If there are not any—but that is a big “if”—then I wonder how driving a force the economics of the matter is behind the “war on terrorism.” I simply do not see why this war would NOT be, as propagated, a war against terrorism, if the only seemingly common bond between the various attacks across the world is, in fact, terrorism. Pretend there are other, even non-economic factors that will bring the US to North Korea: are we then to think that the US has had a hit-list of nations they wanted to affect for a variety of reasons, and that suddenly, with the catalyst of September 11, now a cohesive war is being waged under the false aegis of combating terrorism? It seems too good to be true (a bitten tongue-in-cheek, no less) that the “ruling class” of the US (how exactly is the “ruling class” defined?—I have seen it appear in a number of the articles on the WSWS web site) would play God with all the countries that ever looked crossly at it.

So those are just some of my thoughts in reaction to your article. If you could provide any response or direction in obtaining more information, that would be greatly appreciated. Thanks.

Sincerely,

KC

12 December 2001


Thanks for an extremely interesting read! It confirms absolutely everything I suspected as news of the attack first broke in UK, and brought to light some ideas which I hadn’t even considered until now. How do we go about tackling such a giant, though? I’m writing this e-mail to you on a computer which uses a US operating system, and sending it to you via a US owned ISP, because they’re cheap. Just about everything we touch, see, hear, smell and rely on has a degree of US influence attached to it! It doesn’t take a monkey to realise that this must be wrong, whichever side of the political fence you sit on.

What are your views on Europe? Will the integration of so many countries act as a catalyst to strengthen the working class internationally, or will it be the cause of a greater burden, as more national companies merge to form larger conglomerates, ever increasingly out of touch with life outside the board room?

Once again, thanks for the read. I shall be returning to WSWS frequently in the future, as well as directing other people there!

G

17 December 2001


The colossal bloodshed of the twentieth century continues into the twenty-first. The WSWS article on the massacre of POWs is revealing, but naturally cannot cover the full extent of so-called civilized western and eastern nations’ participation in massive civil and international battles. If the USA declines to comply with international codes of “civilized conduct,” then they will reap what they sow. Japan’s moderate leaders in the 1930s feared the predictable consequences of war plans put in motion by its own military. Japan’s World War II experience should be a warning to the USA of the predictable consequences of foreign aggression. Americans know so little of the truth, e.g., the Bush family “in bed” with Saudi Arabian oil millionaires, whose wealth, paid for by the American people, helped finance the al Qaeda terrorists. Thank you for your in-depth research.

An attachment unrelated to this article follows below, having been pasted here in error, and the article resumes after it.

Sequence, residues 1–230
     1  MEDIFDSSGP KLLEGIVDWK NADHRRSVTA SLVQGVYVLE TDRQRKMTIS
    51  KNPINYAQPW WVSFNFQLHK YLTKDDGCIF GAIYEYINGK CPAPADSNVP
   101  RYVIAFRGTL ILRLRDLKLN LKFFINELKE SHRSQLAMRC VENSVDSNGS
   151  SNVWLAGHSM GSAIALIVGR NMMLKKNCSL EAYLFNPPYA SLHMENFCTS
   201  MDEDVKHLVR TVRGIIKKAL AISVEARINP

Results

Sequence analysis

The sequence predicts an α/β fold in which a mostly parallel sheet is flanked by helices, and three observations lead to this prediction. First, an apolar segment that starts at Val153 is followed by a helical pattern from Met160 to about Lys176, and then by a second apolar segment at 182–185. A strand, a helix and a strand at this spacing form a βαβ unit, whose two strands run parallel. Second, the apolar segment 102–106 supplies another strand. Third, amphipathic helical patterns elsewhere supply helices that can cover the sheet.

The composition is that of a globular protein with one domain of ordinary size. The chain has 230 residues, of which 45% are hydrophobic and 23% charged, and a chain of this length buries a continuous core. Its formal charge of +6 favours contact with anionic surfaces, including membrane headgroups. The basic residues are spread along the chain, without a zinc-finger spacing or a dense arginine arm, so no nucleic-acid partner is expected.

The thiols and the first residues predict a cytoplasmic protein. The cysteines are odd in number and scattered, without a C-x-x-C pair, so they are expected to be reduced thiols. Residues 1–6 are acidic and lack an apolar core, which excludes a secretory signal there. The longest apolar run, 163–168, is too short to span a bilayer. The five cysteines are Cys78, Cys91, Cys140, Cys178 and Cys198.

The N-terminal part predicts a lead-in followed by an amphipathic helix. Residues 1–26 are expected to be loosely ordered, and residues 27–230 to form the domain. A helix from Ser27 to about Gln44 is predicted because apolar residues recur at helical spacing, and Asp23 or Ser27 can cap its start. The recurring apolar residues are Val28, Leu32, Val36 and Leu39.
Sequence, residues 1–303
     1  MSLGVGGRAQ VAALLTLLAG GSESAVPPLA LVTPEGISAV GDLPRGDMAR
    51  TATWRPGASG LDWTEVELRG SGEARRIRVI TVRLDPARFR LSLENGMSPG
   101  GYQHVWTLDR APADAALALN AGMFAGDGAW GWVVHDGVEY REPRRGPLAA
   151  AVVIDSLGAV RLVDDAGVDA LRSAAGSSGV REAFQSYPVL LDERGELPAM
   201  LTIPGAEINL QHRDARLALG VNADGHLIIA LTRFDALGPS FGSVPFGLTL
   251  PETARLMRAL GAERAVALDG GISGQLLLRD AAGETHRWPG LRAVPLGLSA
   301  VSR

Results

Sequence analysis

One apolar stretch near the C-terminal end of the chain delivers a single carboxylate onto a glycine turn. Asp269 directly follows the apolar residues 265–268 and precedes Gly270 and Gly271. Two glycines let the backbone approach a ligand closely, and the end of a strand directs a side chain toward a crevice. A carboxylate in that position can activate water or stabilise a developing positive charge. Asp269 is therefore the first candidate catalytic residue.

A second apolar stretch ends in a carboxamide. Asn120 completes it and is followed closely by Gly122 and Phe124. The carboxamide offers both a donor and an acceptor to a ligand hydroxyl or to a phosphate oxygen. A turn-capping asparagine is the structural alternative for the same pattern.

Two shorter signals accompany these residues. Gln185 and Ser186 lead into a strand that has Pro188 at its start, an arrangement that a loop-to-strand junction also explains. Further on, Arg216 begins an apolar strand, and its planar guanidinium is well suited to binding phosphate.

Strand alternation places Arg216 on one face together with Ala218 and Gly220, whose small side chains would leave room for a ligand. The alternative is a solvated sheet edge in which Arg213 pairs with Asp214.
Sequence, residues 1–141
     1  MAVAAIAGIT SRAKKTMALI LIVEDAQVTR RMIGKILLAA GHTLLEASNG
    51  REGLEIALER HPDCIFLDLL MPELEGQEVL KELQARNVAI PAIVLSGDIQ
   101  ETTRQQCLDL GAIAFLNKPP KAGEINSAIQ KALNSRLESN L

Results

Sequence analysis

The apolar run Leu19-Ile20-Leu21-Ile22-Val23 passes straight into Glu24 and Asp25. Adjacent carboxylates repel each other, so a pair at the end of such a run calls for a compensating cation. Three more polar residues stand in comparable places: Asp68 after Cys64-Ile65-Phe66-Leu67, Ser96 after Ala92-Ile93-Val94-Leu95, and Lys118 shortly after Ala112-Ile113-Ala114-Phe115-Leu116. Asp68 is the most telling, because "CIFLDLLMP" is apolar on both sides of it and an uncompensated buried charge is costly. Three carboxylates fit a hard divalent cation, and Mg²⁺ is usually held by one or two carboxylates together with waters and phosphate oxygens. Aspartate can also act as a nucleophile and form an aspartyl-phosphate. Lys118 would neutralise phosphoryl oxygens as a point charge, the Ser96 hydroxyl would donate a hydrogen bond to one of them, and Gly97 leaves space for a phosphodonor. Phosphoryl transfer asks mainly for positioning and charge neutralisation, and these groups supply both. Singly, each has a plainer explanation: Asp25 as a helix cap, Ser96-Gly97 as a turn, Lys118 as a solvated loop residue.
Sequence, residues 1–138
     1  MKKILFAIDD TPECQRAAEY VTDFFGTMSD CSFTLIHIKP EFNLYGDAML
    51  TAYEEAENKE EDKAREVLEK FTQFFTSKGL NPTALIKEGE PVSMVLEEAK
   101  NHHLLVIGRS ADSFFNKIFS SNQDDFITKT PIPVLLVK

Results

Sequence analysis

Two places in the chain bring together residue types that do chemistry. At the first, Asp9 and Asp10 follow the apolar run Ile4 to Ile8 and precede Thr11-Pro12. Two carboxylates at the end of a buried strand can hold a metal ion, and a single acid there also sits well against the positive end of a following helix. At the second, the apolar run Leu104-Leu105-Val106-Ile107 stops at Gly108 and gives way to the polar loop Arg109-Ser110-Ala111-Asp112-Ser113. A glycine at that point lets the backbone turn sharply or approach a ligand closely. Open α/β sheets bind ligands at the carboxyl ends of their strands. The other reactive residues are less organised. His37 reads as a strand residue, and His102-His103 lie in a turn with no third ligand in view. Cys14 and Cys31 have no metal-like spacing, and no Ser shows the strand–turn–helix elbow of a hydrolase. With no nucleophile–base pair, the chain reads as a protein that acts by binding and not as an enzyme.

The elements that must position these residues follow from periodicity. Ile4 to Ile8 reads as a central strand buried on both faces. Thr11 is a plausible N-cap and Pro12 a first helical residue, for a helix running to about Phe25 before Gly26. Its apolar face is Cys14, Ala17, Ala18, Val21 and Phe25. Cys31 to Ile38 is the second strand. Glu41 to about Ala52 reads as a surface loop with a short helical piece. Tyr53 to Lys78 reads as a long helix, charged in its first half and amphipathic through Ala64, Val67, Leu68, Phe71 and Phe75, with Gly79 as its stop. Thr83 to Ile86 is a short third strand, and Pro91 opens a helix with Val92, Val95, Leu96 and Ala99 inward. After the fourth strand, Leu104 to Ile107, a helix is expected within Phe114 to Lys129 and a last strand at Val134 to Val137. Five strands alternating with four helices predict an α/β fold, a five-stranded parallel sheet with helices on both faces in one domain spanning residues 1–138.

FB

Orangeville, Ontario, Canada

3 January 2002


The conclusion of the article [“The strange case of Zacarias Moussaoui: FBI refused to investigate man charged in September 11 attacks”] is underscored by the material that appeared in Cambio (Mexico City) for 7-13 October, giving photocopies of a memo sent out by the FAA August 28, including:

“The FAA has received information that a number of individuals associated with terrorist activity are planning to travel by commercial aircraft operators.”

There follows a list of 5 persons, none among the famous 19 or 20. At the very least, this raises the possibility that the FBI and/or CIA were simply outfoxed by a decoy team. When those did nothing, the bully policemen stopped thinking. Or said something like, “Well, if something does happen, maybe the country needs a wake-up call.”

Cambio is a moderately progressive weekly, with people like Monsivais on the masthead. Its covers may put a sensational face on things, but not the text of its articles.

DC

5 January 2002


Very interesting, your article about Zaccarias Moussaoui (Patrick Martin—January 5). May I add that I read the US indictment and it turns out to be full of junk.

Please for Zaccarias’s sake, for his Mom’s sake, and for the Muslim world’s sake and for human rights respect’s sake, try to help him escape from the death penalty (remember that he’s a French citizen and that the death penalty was abolished in France 20 years ago and that he must be treated like a French citizen).

Thanks and regards,

AV

France

5 January 2002


Dear Editor,

Thanks for the article “US planned war in Afghanistan long before September 11.” Well researched, credible sources and an essential point is made there: the activities of the government of the United States of America are nothing short of crime against humanity (war in Afghanistan), of non-assistance to people in danger (September 11, 2001), according to their own terms, of terrorism, and of the usual f—-king around the world of the government’s traditional friends: oil and military and big corporations supported by the CIA and the FBI.